During a recent speaking engagement at an investor conference in New York City, AT&T CEO Randall Stephenson said wireless networks can't afford to continue to subsidize devices like they have been for years.

During the early days when it was critical to get customers to join wireless networks, it made sense to entice customers in with subsidized smartphones. But now, Stephenson said, smartphone penetration is over 75 percent and will soon reach 90 percent. Instead of simply getting people on the network, carriers need to focus on getting customers to use more of the network. The model has to change, he said.

AT&T appears to be moving along the path of eliminating traditional subsidies. Following in the footsteps of recent trendsetter T-Mobile, the wireless carrier launched an early upgrade program known as Next over the summer that would allow customers to upgrade handsets once a year and spread the price of the device out over the course of 20 monthly payments.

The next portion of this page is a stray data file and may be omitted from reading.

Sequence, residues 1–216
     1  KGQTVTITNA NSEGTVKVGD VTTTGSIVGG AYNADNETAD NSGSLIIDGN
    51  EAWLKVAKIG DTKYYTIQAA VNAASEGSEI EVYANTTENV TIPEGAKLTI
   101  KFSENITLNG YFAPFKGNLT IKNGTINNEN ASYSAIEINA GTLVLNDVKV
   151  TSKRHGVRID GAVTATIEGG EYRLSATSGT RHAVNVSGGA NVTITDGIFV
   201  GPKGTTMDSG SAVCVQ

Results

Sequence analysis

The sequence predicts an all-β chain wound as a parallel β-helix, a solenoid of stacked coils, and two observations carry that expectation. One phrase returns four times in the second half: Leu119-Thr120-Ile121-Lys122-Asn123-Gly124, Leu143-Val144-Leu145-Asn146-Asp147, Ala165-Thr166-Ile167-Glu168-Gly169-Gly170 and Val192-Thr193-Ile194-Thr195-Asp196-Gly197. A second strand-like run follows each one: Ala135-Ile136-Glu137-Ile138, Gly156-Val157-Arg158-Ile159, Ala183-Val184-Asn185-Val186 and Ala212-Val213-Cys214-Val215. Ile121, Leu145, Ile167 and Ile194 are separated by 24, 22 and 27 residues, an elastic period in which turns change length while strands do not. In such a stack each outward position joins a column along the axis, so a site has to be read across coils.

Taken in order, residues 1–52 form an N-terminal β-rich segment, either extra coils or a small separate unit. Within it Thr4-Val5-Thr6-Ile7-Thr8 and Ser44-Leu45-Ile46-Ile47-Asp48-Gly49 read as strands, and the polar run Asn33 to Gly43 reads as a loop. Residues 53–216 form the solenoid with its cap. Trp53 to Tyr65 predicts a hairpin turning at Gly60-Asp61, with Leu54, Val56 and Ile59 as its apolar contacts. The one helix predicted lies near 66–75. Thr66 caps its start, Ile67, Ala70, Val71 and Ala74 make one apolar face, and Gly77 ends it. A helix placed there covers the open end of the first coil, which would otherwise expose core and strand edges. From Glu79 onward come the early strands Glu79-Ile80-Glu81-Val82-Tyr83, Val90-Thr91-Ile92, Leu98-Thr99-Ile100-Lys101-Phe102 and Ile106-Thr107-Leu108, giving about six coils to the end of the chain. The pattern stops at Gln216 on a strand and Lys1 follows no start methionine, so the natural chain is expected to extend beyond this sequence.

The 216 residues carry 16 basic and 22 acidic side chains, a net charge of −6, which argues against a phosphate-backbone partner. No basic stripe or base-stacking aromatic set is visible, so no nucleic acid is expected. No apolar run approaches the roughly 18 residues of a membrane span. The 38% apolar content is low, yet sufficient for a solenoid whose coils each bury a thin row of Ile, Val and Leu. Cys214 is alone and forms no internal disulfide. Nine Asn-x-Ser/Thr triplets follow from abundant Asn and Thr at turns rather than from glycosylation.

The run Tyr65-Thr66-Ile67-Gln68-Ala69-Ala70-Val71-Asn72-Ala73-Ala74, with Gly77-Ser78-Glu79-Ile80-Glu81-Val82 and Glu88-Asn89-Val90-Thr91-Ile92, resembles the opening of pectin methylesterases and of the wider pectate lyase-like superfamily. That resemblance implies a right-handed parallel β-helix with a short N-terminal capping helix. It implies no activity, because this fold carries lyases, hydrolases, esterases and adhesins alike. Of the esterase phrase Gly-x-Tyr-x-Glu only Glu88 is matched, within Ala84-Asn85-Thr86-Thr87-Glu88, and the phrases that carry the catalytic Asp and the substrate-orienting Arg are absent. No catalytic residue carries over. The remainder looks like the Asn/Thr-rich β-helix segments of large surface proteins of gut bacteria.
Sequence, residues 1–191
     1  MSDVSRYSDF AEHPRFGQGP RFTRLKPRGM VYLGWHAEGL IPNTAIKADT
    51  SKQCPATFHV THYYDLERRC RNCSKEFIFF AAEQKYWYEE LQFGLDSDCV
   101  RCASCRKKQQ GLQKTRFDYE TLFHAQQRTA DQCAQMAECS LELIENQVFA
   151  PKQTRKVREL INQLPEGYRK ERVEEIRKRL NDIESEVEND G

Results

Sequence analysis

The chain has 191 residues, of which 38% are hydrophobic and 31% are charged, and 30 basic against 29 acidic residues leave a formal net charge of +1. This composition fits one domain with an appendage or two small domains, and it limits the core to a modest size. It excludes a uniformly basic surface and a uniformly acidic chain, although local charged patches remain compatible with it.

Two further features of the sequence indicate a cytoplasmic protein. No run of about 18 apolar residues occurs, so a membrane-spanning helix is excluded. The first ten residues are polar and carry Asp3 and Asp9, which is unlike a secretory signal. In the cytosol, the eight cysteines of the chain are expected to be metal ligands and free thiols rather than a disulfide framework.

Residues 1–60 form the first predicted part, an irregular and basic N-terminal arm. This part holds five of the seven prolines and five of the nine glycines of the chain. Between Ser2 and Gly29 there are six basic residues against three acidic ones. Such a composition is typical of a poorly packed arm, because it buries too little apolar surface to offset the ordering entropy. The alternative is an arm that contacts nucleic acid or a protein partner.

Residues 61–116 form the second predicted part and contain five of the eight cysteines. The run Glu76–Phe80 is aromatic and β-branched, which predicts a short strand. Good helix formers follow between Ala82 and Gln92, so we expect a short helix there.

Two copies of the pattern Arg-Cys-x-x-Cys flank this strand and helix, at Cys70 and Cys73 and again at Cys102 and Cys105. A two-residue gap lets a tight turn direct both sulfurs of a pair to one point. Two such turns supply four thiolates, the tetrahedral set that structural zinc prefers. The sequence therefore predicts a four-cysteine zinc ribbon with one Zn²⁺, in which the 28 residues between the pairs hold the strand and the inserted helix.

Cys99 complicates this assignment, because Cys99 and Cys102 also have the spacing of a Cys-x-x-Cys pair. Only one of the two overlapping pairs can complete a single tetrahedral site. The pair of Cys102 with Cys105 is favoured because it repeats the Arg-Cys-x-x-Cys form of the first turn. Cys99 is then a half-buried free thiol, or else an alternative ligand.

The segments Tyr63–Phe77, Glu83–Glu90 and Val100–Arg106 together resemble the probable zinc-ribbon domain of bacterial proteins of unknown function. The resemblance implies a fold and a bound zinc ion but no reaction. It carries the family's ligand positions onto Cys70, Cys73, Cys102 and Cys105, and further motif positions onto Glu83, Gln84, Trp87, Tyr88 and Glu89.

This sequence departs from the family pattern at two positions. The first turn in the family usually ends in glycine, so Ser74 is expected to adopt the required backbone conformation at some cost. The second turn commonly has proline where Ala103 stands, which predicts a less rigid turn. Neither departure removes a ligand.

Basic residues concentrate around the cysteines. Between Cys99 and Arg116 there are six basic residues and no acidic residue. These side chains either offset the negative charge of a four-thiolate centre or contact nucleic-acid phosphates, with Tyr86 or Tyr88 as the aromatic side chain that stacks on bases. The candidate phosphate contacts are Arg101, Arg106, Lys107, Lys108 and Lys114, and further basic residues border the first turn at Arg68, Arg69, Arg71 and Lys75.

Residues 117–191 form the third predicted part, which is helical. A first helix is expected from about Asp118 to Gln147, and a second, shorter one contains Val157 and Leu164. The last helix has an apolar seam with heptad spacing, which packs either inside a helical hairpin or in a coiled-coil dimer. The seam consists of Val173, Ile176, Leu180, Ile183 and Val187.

The problem, however, was that AT&T didn't offer a discount on regular plans to make up for the fact that you were now also paying extra to finance your own phone subsidy. The company finally got with the times and introduced cheaper rates this past Sunday for off-contract customers.

Stephenson said the changes in the business model will be very powerful as it is where they see the market going now that most carriers have seeded the market with smartphones.